UKIP Energy Spokesman backs IPCC position
In its Third Assessment Report, 2001, the IPCC stated: “In sum, a strategy must recognise what is possible. In climate research and modelling, we should recognise that we are dealing with a coupled non-linear chaotic system, and therefore that the long-term prediction of future climate states is not possible.” My emphasis. IPCC’s Working Group I: The Scientific Basis, Third Assessment Report (TAR), Chapter 14 (final para., 22.214.171.124), p774, if you want to check it out. And I agree with that statement.
There we have it in black and white. The nature of the climate is such that we cannot make long-term predictions. Note that this is not simply an absence of data, so that perhaps we could hope that by 2014 we should have filled the gaps and learned how to make long-term forecasts. No. It says that because of the very nature of complex, non-linear systems, it is impossible, in theory and in practice, to make such predictions.
Occasionally readers of my blog ask me (and you can almost hear the sarcasm in their voices), “So where did you get your degree in climate science, then?”. Of course I don’t have a degree in climate science. I always used to say that I was merely a businessman who was trying to knock some sense into Brussels heads. But after fifteen years in the European parliament, I guess I have to admit that I’m a politician, and it’s the job of politicians to make decisions on behalf of their constituents on subjects in which neither the politicians nor the constituents may be expert. So I have considered it my task and duty, on the climate question, to familiarise myself with the debate, and to make a judgement. Too many politicians just accept the current paradigm without question – even when the current paradigm is looking suspect, with no further global warming this century.
Nor should we ignore other scientists outside the esoteric field of climate science (bear in mind that climate science is fuelled by massive sums of money, while many other specialities are not). It took a statistician to debunk Michael Mann’s famous “Hockey Stick Graph”. It is astronomers who are leading the way in pointing to the relative importance of solar cycles, largely ignored or dismissed by the IPCC.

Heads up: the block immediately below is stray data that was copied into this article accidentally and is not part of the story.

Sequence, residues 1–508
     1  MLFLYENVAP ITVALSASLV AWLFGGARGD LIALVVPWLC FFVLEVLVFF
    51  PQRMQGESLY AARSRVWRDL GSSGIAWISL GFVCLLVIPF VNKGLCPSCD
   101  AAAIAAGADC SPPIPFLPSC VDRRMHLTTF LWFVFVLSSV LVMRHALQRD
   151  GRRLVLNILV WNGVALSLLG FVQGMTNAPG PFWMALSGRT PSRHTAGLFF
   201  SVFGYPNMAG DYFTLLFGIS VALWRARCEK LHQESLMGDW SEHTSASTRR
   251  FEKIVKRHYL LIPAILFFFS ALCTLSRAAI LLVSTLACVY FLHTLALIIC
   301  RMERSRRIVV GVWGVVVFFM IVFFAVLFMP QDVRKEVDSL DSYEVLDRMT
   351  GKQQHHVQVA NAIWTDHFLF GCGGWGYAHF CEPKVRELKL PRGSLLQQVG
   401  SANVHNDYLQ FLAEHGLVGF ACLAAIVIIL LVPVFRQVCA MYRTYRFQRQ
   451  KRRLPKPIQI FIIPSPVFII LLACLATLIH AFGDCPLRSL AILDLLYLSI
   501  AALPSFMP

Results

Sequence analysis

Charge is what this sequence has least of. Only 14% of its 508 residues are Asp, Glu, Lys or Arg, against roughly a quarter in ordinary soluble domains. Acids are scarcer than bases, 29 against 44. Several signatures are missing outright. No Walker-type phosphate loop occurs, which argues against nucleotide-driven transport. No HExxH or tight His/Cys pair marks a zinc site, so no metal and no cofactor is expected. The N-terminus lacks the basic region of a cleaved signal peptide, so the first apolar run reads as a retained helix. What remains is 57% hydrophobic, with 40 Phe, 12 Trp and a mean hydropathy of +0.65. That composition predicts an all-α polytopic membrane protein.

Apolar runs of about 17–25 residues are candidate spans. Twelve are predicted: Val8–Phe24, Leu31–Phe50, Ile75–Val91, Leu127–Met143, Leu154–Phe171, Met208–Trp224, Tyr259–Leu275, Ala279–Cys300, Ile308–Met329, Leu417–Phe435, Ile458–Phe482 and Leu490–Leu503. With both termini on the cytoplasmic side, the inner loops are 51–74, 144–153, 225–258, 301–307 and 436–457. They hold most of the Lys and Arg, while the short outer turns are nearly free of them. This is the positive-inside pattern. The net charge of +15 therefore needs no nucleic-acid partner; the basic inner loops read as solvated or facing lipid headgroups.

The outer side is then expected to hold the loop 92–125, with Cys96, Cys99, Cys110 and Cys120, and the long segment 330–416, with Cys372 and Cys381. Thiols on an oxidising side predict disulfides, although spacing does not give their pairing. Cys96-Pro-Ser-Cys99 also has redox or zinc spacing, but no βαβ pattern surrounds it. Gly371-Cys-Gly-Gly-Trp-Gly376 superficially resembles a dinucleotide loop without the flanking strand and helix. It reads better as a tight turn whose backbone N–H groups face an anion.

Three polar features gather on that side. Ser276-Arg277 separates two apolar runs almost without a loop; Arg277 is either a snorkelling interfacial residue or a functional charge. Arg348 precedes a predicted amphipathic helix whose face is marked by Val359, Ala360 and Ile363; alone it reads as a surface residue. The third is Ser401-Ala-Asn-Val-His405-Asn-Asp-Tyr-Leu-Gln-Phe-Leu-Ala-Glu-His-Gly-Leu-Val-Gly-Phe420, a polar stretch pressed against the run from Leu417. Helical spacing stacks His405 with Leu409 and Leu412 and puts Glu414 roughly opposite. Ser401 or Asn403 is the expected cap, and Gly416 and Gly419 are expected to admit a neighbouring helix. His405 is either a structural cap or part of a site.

It’s easy to accept the orthodoxy. I suggest it takes a certain level of courage to take a different view, and then to shout aloud that the Emperor Has No Clothes. And while I have no degree in climate science, I do have a degree in mathematics (Cambridge, 1965). So I have a general understanding of chaos theory – the study of coupled, complex and non-linear systems. I know what the IPCC was saying in the quote above. And I agree with it. (As a rhetorical flourish, I have been putting the same idea into demotic language for years: “How can they tell us what the climate will be doing in 2100 when they can’t tell us if it will rain on Tuesday?”). It’s worth noting that this IPCC point was dropped from subsequent reports.
So the quote begs the question: If the IPCC agrees that we can’t make long-term climate forecasts, why have we been spending – arguably wasting – hundreds of billions of dollars on mitigating a problem we can’t predict? And (I would add) spending that money on projects which will not even succeed in their own terms? They will not significantly affect atmospheric CO2 levels, and (as Bjørn Lomborg has shown) will not significantly affect the development of climate change, even if Al Gore and James Hansen are right about CO2.
I’m indebted to Fritz Vahrenholt and his book “The Neglected Sun” for the IPCC reference. Please do read this book, if you have even a remote interest in the climate question. Amongst other things, he covers the extraordinary level to which a small group of scientists, all singing off the same hymn-sheet, have managed to hi-jack the IPCC process and to become lead authors on its reports (ably supported by zealots from Greenpeace and WWF). The idea that the IPCC represents a consensus of serious scientists is increasingly absurd. Vahrenholt also draws attention to the tendency of climate scientists and activists, including German’s WBGU to demand that democracy itself should be abandoned to save the planet. They recognise, probably rightly, that when voters understand the massive economic sacrifices they’ll be asked to make, and the restrictions on their day-to-day lives and personal mobility, they’ll vote against it. So (say the Warmists) don’t let them vote..
Fritz also looks at what he sees (probably rightly) as the two key errors of the IPCC. First, it uses grossly inflated estimates for the sensitivity of climate to atmospheric CO2 – typically around 3oC per doubling, when the real figure is probably less than half that. And second, it simply ignores the mass of evidence linking climate to a range of solar cycles of different lengths. It seems bizarre that the IPCC makes much of an apparent correlation between temperature and CO2 over thirty years, but ignores much deeper solar correlations that can be tracked over thousands of years.
He then goes on to create indicative forecasts of the trend of global temperatures over the next century, using a realistic sensitivity estimate, and adjusting for solar effects. He sees a small decline in global mean temperatures by 2035. And taking one of the IPCC’s mid-range forecasts for emissions, he sees an increase of just over 1oC by 2100. So even if you are concerned about CO2, we have many decades of grace before we need to worry. And that “Under 2oC” limit that world leaders love to talk about? There’s no realistic danger of getting anywhere near it before the fossil fuels run out